Democracy? Or Hypocrisy?

Intense interest in the U.S. election north of the border often doesn't translate to interest in our own elections.

I’ve got a bone to pick with the 20-somethings I know. Yeah, I’m one of them, and while you’re pointing that out you can get off my lawn.

I’m sick and tired of seeing and hearing non-voting Canadians urge Americans to vote this way or that in their federal election. Every time I see it, which in the days leading up to this week’s election has been more often than I’d like, I shake my head and get a little more annoyed.

Has it occurred to any of these people, that if they spent just a fraction of the time they spend promoting an American candidate or criticizing that person’s opponent, that they could be getting informed on the goings on in their very own country?

Yes, believe it or not, Canada has a head of state. His name is Stephen Harper, he represents the Conservative Party of Canada. The NDP rocketed into the opposition party seat last election for the first time ever, with Thomas Mulcair now at the helm. We also have the Liberal Party, represented by Bob Rae at the moment but interesting things are boiling over there thanks to the re-introduction of that very famous “T” word, Trudeau. And then there is a very interesting lady named Elizabeth May who historically won the first seat for the Green Party last election.

Do you know where any of these people stand on the issues that are important to you? Or do you care more about Mitt Romney’s thoughts on abortion, or Obama’s birth certificate?

I don’t care where you stand on Canadian politics, I just want you to stand somewhere.

Our country’s youth voter turnout is embarrassingly low. Our last federal election had only 38.8 per cent of eligible voters between the ages of 18 and 24 cast their ballot.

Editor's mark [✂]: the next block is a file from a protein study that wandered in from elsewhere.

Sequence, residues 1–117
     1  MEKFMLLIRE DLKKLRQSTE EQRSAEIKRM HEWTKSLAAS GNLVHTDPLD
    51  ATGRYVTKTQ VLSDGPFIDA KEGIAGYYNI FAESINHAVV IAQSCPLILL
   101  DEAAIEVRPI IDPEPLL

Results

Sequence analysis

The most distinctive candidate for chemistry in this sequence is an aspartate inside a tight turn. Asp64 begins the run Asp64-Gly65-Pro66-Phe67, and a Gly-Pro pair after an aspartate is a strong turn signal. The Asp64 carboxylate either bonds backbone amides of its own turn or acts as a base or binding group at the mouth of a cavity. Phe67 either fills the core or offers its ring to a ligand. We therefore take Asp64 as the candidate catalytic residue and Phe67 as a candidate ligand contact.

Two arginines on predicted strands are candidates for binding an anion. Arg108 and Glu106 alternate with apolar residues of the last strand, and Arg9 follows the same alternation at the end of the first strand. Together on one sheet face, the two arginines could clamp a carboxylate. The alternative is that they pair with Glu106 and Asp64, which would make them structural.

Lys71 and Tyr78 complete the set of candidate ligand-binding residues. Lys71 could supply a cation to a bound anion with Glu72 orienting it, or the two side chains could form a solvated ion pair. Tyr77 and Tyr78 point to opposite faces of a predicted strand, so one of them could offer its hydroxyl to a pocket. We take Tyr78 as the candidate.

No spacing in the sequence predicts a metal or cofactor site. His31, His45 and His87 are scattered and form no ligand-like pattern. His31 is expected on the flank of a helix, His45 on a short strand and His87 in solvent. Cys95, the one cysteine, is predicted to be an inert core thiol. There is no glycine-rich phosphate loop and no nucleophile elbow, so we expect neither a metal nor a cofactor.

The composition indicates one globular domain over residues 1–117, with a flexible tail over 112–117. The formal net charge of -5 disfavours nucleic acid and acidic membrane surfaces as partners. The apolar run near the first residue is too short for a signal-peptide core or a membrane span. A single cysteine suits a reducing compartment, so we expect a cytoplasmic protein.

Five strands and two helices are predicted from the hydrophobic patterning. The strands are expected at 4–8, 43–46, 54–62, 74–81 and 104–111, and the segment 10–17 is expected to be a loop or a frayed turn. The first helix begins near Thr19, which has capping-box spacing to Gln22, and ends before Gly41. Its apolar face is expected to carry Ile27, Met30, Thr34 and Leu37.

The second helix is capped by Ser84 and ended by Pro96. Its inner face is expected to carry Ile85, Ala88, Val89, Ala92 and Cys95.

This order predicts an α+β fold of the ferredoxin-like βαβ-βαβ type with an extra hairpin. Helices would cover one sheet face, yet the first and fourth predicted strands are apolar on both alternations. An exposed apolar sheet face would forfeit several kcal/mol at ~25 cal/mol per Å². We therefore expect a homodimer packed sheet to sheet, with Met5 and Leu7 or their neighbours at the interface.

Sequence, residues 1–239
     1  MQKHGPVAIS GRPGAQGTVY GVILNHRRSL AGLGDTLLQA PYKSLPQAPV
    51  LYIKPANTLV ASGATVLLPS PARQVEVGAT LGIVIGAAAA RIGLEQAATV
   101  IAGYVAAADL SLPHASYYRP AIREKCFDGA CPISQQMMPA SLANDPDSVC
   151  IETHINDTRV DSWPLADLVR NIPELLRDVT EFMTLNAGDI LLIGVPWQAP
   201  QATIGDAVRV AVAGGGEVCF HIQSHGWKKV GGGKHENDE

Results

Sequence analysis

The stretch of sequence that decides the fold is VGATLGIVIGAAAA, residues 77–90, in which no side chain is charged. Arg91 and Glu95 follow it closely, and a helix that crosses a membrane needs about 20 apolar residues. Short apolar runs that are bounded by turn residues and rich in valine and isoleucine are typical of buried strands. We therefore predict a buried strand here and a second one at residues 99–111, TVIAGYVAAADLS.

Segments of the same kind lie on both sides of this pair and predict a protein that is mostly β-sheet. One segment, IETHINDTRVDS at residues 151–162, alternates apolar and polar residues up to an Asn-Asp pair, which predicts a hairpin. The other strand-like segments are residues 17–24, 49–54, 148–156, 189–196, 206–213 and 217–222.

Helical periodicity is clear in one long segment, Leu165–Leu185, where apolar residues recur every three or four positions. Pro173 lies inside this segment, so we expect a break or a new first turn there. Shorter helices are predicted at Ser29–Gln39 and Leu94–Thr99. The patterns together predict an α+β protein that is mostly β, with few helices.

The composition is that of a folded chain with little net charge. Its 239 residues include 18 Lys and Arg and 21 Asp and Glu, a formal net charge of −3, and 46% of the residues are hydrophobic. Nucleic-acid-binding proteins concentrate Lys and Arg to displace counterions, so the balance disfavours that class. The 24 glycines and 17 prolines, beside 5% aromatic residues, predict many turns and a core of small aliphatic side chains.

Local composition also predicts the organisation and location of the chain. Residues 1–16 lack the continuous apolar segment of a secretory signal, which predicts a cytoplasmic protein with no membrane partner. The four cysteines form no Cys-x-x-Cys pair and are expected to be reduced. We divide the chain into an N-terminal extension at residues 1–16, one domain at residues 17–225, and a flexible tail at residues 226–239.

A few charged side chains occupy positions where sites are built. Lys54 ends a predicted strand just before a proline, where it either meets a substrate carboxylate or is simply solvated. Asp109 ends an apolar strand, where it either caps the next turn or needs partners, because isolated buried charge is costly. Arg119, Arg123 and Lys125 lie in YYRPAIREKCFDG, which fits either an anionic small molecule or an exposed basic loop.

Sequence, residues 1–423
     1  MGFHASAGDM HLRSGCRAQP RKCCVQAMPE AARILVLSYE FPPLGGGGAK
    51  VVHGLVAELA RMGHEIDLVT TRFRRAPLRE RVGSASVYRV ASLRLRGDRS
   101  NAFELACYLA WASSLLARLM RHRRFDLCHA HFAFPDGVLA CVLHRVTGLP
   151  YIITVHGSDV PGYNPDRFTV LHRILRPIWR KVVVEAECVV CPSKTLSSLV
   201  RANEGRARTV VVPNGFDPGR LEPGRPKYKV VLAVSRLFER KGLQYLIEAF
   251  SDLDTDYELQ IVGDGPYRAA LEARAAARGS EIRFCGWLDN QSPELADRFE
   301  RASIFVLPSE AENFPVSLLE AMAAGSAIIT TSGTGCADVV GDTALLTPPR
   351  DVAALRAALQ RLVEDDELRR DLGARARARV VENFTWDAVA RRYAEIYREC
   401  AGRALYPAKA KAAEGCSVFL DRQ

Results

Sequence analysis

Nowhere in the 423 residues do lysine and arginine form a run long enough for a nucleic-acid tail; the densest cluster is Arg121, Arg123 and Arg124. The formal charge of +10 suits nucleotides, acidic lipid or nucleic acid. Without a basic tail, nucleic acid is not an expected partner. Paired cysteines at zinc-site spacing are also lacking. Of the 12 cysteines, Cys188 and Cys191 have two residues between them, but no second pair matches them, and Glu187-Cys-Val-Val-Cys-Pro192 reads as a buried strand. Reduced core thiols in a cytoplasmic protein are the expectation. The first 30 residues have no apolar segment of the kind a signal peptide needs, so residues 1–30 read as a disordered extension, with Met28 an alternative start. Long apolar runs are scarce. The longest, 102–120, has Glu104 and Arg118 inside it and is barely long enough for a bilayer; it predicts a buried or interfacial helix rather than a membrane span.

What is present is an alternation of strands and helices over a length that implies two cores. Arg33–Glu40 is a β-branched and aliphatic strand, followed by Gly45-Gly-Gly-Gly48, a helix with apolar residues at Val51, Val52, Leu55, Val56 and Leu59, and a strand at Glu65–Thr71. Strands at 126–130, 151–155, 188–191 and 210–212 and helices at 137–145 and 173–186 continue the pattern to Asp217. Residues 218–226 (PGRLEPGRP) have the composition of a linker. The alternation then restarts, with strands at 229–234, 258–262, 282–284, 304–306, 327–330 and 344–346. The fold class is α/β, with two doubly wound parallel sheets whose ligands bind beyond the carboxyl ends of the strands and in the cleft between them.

And while we all snicker about the politics going on south of the border like we’re better, America’s youth are besting us year after year.

In America, 51 per cent of voters between the ages of 18 and 29 voted for either Barack Obama or John McCain in 2008. That is out of 46 million eligible youth voters in the U.S.

I’m in a unique position as a 24-year-old Canadian. I happen to be the girlfriend of a very lovely American, and through that relationship I have become friends with many other wonderful Americans all over the country.

You want to know what my American friends did today? They voted. One even got in line at 6:30 a.m. to exercise his democratic right. I don’t know who he voted for, nor do I care particularly because it is his country, not mine. The fact is he took the opportunity and did it.

The truth is, the outcome of the American election does have an impact on Canada, and I do have an opinion on who I would prefer to win but I do not have a vote in the American election, therefore who I think should win has no bearing on the outcome. You know what has an even bigger impact on Canada and my life? The person who is our own prime minister.

We have elections just like the Americans. And you know what? We even have a provincial one coming right up in May. That election will actually effect your daily life more than Obama or Romney ever will in your entire life time.

If eligible voters in Canada who are so busy squawking about the American election put just a few minutes into criticizing our own leaders, they just might find out there’s a few things worth a Facebook post or a conversation or two.

They might even find it — gasp! — interesting!

I love my country — in fact I love it so much that I was one of those 38.8 per cent who took the 10 minutes to vote in 2011. Man, am I ever tired of Canadian youth rambling on about American politics when they can’t even take a second to figure out if they agree with what’s happening on our side of the border.

I would fall over backwards in shock if I ever saw an actual line up at a Canadian polling station.

Annalee Grant is a reporter with the Cranbrook Daily Townsman